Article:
Also found in: Dictionary, Thesaurus.
the main building of a cattle farm, designed for keeping cows. A distinction is made between cowhouses with and without stalls. Cowhouses may have one, two, or three stories. On the first floor (or semicellar) is the storage area for manure or root fodders, the second floor is the area for the animals, and the third (the loft) is a storage area for rough feeds and litter. One-story cowhouses are most common in the USSR.
Cowhouses in which the cows are confined to stalls are subdivided into double-row, four-row, and six-row types, depending on the arrangement of the stalls. The rows of stalls ordinarily run lengthwise in the building and are divided into sections by passageways. Cowhouses are also built with transverse stalls, and sometimes there are round barns with a silo in the middle and two rows of stalls. The stalls in the cowhouse are equipped with ties, feeding troughs, and waterers (one for each two stalls). Auxiliary areas are located at the ends of the cowhouse; they include a forage room or feed preparation room (if the farm does not have a feed shop), a heating room (if there is no central heating), and rooms for service personnel. The milking unit may be built near the cowhouse.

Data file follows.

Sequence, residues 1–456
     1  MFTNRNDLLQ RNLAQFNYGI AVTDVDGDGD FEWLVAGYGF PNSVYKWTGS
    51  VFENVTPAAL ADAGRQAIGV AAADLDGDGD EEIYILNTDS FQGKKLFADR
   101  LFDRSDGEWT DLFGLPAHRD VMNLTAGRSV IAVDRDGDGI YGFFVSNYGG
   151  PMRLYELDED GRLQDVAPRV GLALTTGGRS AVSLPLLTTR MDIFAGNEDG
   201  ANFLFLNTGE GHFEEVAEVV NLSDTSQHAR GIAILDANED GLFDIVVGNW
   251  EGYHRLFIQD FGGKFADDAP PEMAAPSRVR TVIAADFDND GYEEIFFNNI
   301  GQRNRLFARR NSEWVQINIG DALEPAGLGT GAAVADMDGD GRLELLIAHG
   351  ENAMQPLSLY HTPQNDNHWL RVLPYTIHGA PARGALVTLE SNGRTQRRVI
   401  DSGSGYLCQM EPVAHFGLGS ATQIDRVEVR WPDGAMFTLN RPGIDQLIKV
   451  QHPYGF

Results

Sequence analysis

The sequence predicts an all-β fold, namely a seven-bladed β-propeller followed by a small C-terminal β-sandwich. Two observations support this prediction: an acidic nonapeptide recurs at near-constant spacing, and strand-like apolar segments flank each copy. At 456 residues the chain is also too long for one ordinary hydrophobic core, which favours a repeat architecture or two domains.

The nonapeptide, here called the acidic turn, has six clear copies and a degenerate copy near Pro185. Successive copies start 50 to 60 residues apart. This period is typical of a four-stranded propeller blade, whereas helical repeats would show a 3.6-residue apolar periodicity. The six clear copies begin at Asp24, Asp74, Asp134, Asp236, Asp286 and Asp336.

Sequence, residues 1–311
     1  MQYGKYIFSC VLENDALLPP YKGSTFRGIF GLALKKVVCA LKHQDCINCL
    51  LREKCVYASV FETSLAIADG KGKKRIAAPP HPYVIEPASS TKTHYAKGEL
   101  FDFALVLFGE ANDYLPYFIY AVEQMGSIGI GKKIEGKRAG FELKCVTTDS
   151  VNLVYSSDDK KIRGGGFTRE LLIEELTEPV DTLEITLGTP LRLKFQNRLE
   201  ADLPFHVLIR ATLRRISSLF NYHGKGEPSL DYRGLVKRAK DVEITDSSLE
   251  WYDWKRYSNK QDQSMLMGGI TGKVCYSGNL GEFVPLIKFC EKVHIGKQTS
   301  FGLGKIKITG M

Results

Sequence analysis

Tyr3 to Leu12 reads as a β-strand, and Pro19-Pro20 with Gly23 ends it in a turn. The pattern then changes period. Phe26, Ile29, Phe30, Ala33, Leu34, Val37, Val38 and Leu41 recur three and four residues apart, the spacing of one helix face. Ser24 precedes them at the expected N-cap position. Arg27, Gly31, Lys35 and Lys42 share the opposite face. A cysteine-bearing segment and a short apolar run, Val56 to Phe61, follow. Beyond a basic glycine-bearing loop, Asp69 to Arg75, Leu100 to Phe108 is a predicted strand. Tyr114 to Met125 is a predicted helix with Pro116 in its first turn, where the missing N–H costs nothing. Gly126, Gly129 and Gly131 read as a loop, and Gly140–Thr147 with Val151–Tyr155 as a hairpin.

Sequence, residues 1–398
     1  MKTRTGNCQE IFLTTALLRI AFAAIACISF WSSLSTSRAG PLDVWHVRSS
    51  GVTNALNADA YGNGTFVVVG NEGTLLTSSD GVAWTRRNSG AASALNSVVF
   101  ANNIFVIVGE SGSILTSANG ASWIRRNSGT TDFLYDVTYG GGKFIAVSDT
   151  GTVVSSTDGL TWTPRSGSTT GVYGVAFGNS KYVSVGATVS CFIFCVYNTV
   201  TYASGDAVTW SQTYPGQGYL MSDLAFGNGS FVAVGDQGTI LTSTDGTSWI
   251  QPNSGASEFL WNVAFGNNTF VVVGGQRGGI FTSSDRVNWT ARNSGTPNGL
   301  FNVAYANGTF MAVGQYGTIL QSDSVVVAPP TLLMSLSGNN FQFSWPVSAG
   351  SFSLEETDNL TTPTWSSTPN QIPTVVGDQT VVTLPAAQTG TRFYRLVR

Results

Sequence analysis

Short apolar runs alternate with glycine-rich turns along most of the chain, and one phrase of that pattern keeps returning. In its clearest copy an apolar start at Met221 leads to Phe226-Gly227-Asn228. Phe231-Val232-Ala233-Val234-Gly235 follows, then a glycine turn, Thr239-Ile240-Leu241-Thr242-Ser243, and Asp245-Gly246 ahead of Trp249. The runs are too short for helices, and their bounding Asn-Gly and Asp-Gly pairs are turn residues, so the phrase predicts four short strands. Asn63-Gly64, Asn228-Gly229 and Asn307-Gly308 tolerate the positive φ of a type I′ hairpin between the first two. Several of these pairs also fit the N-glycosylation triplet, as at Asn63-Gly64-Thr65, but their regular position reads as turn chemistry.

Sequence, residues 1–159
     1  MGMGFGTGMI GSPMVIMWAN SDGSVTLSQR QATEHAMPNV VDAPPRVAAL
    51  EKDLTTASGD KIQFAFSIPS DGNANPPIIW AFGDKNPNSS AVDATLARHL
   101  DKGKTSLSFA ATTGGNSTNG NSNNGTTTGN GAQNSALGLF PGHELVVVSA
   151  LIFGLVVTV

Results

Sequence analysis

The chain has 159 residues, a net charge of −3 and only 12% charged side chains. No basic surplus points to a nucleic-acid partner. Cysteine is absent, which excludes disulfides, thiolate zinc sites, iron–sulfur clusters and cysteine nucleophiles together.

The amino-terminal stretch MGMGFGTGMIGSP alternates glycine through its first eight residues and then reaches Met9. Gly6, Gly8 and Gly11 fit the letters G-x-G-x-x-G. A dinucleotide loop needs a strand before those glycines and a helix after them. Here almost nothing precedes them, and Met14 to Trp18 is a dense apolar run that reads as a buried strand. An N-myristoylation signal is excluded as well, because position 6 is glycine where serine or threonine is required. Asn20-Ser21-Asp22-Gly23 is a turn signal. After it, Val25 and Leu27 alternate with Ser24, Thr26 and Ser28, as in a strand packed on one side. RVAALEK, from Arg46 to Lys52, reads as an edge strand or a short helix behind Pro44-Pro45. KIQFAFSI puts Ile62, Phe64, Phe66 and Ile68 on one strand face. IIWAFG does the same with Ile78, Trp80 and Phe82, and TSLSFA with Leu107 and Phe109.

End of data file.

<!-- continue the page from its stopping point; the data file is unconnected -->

Stall-less cowhouses are closed and heated. The area is divided into sections by movable barriers. Each section is intended for not more than 60 cows. A passageway goes through all the sections for mechanized delivery of feed and litter and for removal of manure. An exercise and feeding yard, as well as large feeding troughs and waterers with electrically heated water, are adjacent to the cowhouse. The milking room is built near the cowhouse.
With the transition to new technology for producing livestock products, large specialized complexes for milk production on an industrial basis are being built in many regions.
REFERENCESpravochnik zootekhnika, 3rd ed., vol 1. Moscow, 1969.
V. V. FILASOV